Dutchmen do not like fish. They like roast pork, with sweet and sour sauce.’ This is the idea that the Ho couple, owners of the Chinese-Indian restau­rant Oriëntal, has of Dutch people. The Ho family them­selves are portrayed a lot more subtly in Chin.Ind. by docu­men­tary maker Yan Ting Yuen. Indu­bitably owing to her Chinese back­ground, she managed to get to the other side of the serving hatch of one of the count­less Chinese restau­rants, where just as many Chinese immi­grant fami­lies are earning their daily bread. The film consists of four parts (the four seasons), running parallel to the Cantonese opera The Impe­rial Flower: the couple met each other at the Cantonese Opera in Hong Kong. During the daily routine of the restau­rant (‘want sambal?’), the couple tells about their colourful and once-promising artistic past and their persisting, but seem­ingly unre­al­is­able ambitions.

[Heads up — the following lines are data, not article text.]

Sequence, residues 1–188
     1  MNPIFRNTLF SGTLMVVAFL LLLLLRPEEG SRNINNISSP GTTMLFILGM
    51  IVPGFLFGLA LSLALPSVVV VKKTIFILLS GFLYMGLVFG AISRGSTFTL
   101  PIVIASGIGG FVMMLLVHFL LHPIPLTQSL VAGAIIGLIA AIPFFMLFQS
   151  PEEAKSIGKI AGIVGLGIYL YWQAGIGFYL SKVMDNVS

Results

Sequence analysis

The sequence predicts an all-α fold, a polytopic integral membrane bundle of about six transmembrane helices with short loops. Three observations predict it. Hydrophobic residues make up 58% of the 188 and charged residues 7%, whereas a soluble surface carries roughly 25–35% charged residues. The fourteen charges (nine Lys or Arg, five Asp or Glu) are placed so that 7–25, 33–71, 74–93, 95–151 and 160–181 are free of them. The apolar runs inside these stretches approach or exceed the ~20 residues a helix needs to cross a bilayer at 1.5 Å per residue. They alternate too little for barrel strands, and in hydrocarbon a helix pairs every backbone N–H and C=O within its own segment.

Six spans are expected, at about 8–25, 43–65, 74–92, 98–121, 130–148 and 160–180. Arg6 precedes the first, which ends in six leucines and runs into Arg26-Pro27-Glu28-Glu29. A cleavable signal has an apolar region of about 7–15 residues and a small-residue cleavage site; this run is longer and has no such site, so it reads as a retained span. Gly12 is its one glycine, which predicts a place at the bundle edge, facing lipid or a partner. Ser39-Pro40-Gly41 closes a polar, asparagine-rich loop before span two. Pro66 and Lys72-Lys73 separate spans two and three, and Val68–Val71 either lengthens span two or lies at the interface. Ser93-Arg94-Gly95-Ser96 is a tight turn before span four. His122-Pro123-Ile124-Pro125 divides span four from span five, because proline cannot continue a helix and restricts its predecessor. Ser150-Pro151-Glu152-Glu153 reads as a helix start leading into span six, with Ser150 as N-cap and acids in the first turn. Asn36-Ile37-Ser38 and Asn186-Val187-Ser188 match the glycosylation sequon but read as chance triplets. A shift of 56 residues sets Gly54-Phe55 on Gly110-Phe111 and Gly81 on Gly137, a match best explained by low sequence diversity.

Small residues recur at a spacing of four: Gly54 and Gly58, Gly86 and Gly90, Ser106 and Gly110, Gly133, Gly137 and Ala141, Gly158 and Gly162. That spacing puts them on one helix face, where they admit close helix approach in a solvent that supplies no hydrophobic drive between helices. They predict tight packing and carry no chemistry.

Credits

Montage
Production company
Scarabeefilms
TV company
NCRV TV
Distributor NL
AV Management BV

Title: Chin.Ind. Een leven achter het doorgeefluikje
Year: 2001
Duration : 50 minutes
Category: Short Documentary
Edition: NFF 2001

Gouden Kalf nominees

Beste Korte Documentaire (2001)
Stef Tijdink
Beste Korte Documentaire (2001)
Yan Ting Yuen

NFF Archive

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